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AbstractCrowdsourcing is now widely used to replace judgement by an expert authority with an aggregate evaluation from a number of non-experts, in applications ranging from rating and categorizing online content to evaluation of student assignments in massively open online courses via peer grading. A key issue in these settings, where direct monitoring is infeasible, is incentivizing agents in the `crowd' to put in effort to make good evaluations, as well as to truthfully report their evaluations. This leads to a new family of information elicitation problems with unobservable ground truth, where an agent's proficiency- the probability with which she correctly evaluates the underlying ground truth- is endogenously determined by her strategic choice of how much effort to put into the task. Our main contribution is a simple, new, mechanism for binary information elicitation for multiple tasks when agents have endogenous proficiencies, with the following properties: (i) Exerting maximum effort followed by truthful reporting of observations is a Nash equilibrium. (ii) This is the equilibrium with maximum payoff to all agents, even when agents have different maximum proficiencies, can use mixed strategies, and can choose a different strategy for each of their tasks. Our information elicitation mechanism requires only minimal bounds on the priors, asks agents to only report their own evaluations, and does not require any conditions on a diverging number of agent reports per task to achieve its incentive properties. The main idea behind our mechanism is to use the presence of multiple tasks and ratings to identify and penalize low-effort agreement: the mechanism rewards agents for agreeing with a `reference' rater on a task but also penalizes for blind agreement by subtracting out a statistic term designed so that agents obtain reward only when they put effort into their observations.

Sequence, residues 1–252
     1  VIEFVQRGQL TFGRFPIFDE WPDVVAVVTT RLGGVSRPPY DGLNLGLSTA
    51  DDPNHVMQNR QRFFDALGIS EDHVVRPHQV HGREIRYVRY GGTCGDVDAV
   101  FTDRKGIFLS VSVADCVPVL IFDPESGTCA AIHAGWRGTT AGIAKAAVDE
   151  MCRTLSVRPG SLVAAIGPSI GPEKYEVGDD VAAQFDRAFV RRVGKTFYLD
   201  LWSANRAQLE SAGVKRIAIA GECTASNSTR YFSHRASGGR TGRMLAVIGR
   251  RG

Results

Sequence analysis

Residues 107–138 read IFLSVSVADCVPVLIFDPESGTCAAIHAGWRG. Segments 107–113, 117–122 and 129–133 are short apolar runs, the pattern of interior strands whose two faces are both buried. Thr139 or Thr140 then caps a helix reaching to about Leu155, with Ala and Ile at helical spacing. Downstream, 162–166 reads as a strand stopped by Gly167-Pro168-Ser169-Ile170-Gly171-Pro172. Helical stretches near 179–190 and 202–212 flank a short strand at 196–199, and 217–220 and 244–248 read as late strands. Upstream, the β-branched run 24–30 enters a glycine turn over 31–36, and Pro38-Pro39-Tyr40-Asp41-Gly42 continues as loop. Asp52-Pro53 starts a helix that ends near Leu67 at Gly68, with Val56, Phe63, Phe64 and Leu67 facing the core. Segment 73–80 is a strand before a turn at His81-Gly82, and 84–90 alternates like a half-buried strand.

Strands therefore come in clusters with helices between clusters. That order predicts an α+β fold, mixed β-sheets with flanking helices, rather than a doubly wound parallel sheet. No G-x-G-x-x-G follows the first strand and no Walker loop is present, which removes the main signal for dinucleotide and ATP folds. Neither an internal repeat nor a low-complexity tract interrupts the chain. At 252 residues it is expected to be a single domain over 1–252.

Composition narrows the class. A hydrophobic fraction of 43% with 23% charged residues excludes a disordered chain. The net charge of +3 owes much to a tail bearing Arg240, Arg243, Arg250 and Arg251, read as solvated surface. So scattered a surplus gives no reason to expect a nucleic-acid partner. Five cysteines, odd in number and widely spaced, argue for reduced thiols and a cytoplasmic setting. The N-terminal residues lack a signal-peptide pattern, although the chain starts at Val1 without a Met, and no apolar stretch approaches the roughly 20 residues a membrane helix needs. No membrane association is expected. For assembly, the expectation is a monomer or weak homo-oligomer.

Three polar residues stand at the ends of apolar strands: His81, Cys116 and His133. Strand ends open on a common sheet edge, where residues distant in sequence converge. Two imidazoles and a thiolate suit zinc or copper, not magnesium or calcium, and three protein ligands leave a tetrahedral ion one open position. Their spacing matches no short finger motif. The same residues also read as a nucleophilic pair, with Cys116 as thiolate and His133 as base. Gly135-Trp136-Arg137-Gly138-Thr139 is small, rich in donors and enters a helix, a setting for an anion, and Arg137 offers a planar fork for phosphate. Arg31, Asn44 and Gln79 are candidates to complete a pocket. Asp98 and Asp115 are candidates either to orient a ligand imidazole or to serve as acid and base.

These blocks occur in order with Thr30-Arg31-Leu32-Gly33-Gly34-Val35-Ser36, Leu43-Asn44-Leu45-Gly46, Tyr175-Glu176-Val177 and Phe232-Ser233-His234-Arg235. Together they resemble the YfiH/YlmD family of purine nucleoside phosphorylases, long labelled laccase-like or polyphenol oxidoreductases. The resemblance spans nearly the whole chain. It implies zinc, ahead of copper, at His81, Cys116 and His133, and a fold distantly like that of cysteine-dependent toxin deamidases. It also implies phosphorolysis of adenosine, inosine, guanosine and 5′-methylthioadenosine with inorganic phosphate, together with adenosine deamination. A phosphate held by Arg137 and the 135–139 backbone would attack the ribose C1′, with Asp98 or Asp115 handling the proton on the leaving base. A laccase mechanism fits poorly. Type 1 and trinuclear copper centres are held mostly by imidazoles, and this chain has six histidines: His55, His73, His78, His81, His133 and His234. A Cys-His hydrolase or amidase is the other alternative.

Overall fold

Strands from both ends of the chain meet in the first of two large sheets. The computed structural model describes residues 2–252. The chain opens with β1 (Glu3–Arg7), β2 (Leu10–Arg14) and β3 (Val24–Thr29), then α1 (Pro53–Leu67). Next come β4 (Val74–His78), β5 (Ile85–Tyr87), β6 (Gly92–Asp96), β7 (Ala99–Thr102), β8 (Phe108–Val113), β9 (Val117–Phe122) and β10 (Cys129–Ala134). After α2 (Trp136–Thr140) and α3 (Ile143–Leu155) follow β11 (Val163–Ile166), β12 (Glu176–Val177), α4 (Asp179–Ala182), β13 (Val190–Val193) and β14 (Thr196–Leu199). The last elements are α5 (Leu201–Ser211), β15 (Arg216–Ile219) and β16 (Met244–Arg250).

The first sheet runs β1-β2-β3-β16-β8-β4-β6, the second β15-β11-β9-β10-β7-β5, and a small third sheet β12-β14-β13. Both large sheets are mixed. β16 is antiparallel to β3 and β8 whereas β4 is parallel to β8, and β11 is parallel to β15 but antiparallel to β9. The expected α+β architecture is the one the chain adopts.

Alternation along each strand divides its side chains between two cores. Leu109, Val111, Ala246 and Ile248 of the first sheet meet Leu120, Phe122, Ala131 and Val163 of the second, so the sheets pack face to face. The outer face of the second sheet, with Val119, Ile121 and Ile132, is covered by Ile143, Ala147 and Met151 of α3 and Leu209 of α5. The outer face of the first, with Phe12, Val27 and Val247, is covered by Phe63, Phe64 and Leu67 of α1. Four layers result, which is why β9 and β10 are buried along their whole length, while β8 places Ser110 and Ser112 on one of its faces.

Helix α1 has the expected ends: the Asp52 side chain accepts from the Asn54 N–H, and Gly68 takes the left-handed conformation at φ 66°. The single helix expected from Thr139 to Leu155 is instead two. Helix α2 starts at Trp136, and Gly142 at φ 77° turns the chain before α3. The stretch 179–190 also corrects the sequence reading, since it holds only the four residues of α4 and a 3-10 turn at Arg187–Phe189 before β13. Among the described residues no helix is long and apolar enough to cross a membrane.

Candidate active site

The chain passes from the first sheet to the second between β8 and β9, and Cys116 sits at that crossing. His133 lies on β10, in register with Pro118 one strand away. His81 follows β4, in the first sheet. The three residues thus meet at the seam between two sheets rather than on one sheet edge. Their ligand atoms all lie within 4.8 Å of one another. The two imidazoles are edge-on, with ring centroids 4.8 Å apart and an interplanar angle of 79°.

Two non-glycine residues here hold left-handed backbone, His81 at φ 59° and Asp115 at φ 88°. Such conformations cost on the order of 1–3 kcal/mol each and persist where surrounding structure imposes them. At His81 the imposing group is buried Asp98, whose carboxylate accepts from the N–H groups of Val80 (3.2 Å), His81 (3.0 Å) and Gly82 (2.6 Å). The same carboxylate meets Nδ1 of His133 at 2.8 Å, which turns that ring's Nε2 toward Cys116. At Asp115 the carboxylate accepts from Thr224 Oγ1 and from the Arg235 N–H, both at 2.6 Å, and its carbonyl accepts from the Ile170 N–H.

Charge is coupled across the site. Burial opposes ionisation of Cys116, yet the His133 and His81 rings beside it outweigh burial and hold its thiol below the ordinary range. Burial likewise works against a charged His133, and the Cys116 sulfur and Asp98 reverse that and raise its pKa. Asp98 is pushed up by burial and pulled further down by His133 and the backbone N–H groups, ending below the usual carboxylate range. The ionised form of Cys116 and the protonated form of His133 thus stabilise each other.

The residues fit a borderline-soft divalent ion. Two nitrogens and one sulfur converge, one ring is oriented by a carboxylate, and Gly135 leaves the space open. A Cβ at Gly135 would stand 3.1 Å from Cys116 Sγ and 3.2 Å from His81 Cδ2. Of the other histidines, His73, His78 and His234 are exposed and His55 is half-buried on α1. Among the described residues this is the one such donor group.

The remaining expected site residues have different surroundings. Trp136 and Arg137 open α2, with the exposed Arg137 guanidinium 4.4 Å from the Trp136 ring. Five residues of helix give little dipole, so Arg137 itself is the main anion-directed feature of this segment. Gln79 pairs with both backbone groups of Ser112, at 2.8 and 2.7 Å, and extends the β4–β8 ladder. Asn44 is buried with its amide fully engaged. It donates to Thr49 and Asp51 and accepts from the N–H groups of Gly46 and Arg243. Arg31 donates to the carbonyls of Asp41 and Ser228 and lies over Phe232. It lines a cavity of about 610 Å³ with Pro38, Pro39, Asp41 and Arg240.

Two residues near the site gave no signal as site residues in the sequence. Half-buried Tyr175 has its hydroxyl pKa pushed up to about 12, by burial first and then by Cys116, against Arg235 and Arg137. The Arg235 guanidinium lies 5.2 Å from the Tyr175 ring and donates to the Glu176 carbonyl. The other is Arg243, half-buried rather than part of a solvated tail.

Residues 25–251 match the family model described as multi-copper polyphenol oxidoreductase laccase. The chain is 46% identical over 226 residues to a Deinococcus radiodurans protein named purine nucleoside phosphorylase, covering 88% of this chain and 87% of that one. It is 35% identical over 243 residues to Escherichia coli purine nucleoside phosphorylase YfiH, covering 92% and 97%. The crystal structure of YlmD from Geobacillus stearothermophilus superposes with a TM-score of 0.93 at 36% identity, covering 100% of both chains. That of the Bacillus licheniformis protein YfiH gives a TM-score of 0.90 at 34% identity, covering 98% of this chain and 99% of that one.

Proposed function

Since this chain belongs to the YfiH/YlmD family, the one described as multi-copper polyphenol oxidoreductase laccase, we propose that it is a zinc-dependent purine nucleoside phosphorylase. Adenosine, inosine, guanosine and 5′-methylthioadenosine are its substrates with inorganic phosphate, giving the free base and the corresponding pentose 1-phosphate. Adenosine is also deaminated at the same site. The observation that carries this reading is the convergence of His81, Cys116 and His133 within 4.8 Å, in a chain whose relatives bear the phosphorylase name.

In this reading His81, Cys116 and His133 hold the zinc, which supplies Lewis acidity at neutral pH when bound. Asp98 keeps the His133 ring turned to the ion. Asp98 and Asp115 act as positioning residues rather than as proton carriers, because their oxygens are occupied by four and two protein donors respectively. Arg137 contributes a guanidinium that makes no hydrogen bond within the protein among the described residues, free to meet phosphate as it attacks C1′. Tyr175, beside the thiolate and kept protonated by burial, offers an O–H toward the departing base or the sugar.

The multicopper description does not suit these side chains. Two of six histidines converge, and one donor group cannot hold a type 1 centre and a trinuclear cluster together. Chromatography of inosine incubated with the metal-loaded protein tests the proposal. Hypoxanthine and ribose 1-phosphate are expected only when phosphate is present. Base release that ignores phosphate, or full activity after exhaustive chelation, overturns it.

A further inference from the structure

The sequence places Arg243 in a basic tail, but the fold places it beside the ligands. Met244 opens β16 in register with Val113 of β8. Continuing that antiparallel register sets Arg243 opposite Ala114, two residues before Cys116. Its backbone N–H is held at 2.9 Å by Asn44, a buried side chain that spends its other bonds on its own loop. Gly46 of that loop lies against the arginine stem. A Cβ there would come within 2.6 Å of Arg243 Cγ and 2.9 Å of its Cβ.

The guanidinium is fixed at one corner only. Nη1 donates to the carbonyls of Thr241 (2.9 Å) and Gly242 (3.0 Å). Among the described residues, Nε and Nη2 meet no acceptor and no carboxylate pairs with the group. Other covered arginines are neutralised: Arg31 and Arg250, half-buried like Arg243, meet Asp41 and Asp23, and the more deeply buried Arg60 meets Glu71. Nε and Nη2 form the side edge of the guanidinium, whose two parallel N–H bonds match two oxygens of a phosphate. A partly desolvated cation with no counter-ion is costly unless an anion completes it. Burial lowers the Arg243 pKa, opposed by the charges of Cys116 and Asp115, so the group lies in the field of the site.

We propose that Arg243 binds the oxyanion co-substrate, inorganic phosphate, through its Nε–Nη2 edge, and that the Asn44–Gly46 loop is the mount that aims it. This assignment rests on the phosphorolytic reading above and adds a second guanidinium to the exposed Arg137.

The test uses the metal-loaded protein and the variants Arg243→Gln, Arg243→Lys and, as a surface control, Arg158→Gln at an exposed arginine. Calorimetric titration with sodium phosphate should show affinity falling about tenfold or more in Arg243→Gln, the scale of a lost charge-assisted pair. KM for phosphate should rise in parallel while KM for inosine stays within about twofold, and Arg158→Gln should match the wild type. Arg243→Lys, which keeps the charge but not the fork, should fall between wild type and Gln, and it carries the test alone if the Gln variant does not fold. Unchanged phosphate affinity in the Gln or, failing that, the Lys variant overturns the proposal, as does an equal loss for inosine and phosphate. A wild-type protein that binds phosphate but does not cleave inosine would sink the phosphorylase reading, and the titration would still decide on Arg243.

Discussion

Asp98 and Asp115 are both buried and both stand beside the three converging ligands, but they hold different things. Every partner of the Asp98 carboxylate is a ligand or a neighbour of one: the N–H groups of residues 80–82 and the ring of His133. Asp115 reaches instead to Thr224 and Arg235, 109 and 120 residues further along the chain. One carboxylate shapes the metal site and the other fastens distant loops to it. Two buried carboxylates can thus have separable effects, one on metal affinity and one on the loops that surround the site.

Comment: To appear in WWW 2013